Chorionic villus sampling (CVS)

Chorionic villus sampling (CVS) is a test offered between week 10 and week 13 that can, like amniocentesis, detect foetal abnormalities.

You will be offered CVS if your baby is at high risk of having a genetic disorder. This might have been detected by an early screening test or might be because you have a family history of certain conditions or have had a previous pregnancy affected by a genetic disorder. The decision - like all pregnancy screening - is up to you.

The test can be taken earlier than amniocentesis, so may identify any disorders at an earlier stage in your pregnancy.

What happens during CVS?

A sample of chorionic villi cells is taken from the placenta using a needle, which is either inserted through the abdomen or through the cervix. The chorionic villi attach the placenta to the wall of the womb. They are made from part of the embryo that separates during early cell division and so they have exactly the same DNA as the foetus.

The test takes about five minutes and may cause discomfort but is not particularly painful. You will be told to take it easy for a couple of days and you may experience some cramping after the procedure. The initial test results can come back in a few days but the full results can take up to a month.

What does CVS show?

  • Genetic abnormalities such as Down's syndrome
  • Cystic fibrosis
  • Muscular dystrophy
  • Inherited blood disorders such as sickle cell anaemia and thlassaemia
  • Metabolic disorders such as antitrypsin deficiency
  • Mental health conditions such as fragile X syndrome

CVS doesn't test for physical problems such as spina bifida.

What are the risks of CVS? Is it safe?

CVS is an invasive procedure and so carries risks. There is an increased risk of miscarriage, which has been estimated to be 2% more than the risk of miscarrying without a CVS procedure. This makes CVS slightly more risky than an amnio, which has an additional risk of 1%.

Things to ask before CVS or amnio:

  • Who will be doing the test?
  • How many have they done before?
  • What is their miscarriage rate?

There is also a risk of infection, although according to the NHS Choices severe cases only occur in less than 1:1,000 procedures. If you are rhesus negative, CVS carries a risk of sensitisation, which may trigger an immune response against your baby. You will be offered an Anti-D injection to counteract this.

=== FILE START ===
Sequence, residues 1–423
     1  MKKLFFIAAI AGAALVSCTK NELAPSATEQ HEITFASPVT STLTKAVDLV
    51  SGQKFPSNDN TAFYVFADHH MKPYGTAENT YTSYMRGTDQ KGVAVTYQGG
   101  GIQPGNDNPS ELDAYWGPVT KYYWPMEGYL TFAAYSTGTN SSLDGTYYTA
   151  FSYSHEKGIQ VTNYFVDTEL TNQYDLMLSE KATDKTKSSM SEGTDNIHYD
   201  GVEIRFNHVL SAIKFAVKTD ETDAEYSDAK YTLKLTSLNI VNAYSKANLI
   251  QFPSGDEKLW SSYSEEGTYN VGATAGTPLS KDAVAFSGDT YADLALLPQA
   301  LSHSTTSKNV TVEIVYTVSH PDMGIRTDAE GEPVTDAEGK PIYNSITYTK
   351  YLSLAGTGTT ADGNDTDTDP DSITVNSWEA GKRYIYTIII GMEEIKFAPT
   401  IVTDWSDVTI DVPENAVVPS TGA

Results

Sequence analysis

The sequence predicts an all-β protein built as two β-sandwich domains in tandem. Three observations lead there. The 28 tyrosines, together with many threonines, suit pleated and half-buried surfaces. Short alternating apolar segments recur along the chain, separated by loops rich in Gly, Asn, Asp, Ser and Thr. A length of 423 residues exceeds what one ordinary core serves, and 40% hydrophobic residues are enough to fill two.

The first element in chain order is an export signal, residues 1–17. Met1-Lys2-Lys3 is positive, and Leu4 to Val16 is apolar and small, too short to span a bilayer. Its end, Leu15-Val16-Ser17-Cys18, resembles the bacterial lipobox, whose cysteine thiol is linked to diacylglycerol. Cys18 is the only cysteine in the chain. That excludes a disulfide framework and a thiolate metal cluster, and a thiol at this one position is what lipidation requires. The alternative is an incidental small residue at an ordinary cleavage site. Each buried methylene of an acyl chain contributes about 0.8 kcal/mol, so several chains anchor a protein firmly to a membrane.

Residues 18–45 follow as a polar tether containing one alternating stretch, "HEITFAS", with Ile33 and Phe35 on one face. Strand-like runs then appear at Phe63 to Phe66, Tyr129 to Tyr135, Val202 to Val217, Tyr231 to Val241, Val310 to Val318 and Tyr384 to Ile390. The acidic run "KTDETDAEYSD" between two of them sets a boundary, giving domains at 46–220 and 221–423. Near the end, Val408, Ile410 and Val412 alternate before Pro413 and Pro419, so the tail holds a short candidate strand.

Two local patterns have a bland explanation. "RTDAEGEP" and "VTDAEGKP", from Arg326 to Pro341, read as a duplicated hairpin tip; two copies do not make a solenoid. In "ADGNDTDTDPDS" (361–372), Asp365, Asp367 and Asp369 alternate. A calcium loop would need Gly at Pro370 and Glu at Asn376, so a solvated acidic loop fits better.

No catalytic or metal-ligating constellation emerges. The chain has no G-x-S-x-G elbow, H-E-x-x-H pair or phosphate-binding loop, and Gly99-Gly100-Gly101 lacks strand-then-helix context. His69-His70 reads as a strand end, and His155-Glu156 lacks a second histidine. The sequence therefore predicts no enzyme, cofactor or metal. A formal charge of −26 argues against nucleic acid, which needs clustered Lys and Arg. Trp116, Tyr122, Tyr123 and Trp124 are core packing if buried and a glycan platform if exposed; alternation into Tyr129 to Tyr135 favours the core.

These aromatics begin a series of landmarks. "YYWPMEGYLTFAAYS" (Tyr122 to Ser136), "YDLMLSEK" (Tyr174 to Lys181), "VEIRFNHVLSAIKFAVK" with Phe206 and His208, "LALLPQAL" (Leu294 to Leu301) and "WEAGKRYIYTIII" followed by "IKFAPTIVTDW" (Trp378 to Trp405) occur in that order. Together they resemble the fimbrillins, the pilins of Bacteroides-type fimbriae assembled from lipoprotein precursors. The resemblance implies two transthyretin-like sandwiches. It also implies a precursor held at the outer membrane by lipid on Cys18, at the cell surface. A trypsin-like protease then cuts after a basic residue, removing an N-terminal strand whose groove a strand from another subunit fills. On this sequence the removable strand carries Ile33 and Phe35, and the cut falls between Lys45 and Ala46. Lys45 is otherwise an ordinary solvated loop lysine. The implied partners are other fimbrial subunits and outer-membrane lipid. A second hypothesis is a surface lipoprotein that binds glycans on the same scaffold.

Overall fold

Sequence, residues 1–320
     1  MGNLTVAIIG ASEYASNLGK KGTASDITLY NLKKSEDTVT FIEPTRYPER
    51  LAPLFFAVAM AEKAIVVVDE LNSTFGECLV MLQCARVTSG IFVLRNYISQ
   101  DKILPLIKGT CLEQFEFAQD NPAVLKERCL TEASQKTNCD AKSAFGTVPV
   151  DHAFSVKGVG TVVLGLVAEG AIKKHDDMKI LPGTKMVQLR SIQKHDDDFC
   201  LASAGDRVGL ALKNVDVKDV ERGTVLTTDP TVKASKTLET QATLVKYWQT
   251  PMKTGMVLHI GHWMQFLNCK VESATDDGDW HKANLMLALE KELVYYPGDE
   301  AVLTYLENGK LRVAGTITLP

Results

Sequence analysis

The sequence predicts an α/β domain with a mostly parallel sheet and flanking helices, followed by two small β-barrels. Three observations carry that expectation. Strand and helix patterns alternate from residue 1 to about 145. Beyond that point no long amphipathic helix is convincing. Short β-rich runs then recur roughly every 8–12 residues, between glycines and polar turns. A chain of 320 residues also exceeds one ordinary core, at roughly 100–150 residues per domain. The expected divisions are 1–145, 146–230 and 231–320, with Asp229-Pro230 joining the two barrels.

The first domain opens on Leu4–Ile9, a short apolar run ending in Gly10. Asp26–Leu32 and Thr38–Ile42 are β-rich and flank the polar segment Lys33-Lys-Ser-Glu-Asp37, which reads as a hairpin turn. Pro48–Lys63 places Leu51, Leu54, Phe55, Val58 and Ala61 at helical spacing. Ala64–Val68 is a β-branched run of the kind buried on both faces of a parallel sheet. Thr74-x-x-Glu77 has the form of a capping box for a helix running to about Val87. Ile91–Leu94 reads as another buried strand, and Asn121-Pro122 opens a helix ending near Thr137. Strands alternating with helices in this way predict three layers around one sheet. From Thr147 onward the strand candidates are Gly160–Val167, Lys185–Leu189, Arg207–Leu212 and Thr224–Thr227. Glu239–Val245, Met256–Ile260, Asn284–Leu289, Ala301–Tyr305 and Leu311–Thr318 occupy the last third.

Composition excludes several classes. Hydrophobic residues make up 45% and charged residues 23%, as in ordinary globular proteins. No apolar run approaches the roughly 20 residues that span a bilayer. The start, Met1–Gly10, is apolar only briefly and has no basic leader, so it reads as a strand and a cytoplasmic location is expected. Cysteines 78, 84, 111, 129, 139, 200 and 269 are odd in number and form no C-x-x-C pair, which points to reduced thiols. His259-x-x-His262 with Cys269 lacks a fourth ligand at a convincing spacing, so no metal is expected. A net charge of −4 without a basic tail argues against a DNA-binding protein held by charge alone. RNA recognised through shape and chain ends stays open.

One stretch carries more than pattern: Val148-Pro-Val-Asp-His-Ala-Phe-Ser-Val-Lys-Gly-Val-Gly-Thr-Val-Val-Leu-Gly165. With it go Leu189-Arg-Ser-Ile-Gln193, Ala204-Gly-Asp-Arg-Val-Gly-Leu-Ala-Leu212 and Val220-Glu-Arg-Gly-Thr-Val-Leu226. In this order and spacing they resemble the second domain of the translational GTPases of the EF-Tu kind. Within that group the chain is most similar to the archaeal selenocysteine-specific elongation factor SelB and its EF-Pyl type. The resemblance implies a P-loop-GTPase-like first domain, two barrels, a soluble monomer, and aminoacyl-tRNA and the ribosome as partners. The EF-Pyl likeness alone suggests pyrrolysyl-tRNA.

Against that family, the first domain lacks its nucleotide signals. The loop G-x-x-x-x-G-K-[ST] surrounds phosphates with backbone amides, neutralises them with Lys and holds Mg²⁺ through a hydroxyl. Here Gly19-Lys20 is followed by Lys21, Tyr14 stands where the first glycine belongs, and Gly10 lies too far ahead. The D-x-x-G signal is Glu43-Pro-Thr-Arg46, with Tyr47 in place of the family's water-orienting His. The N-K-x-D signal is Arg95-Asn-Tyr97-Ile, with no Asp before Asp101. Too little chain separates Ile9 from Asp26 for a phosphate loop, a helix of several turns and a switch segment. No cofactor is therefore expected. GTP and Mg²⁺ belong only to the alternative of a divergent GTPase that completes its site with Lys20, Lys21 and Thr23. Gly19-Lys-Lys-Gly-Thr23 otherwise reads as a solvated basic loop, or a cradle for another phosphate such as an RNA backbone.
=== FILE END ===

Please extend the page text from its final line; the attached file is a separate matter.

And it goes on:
CVS will not be carried out before 10 weeks gestation because there is thought to be an added risk of damaging the baby's limbs before this stage of development.

What are your options after getting CVS results?

CVS is said to be 99% accurate, although not every abnormality can be ruled out by the test. If an abnormality is found, it can be very upsetting and throw all your future projections about your baby and your familiy into disarray. You should be offered counseling to help you cope.

If you decide to end your pregnancy, your GP and midwife will be able to go through your options with you. If you decide to carry on, it's worth finding out as much as you can about the disorder and how you can care for your baby before the birth. Mumsnet can help - umpteen women on the Talk boards have gone through similar circumstances and have advice and insights.

What Mumsnetters say about CVS

  • I had a CVS with my daughter after a 1:12 risk for Downs (I was 40). The test was uncomfortable rather than painful and over very quickly and I saw my baby on the scan afterwards to check she was OK. Got the preliminary results two days later and the full set two weeks after. My results were, thankfully, clear. Chynah
  • I had a CVS, it was uncomfortable rather than painful, and alarming to see the needle on the ultrasound, being jiggled about. I had some bruising and a bit of a sore feeling for a week or so. Bear in mind that you won't 'need' a CVS, it's your baby and your decision. geekgrrl
  • We were given a one in 13 chance of Down's syndrome, and a risk of a heart defect. We had to wait a week for the CVS test as I was bleeding internally and another week for results. It was the longest two weeks of my life. Our CVS results came back clear. Our daughter is perfectly healthy. Porridgebrain

 

Last updated: 03-Apr-2014 at 12:53 PM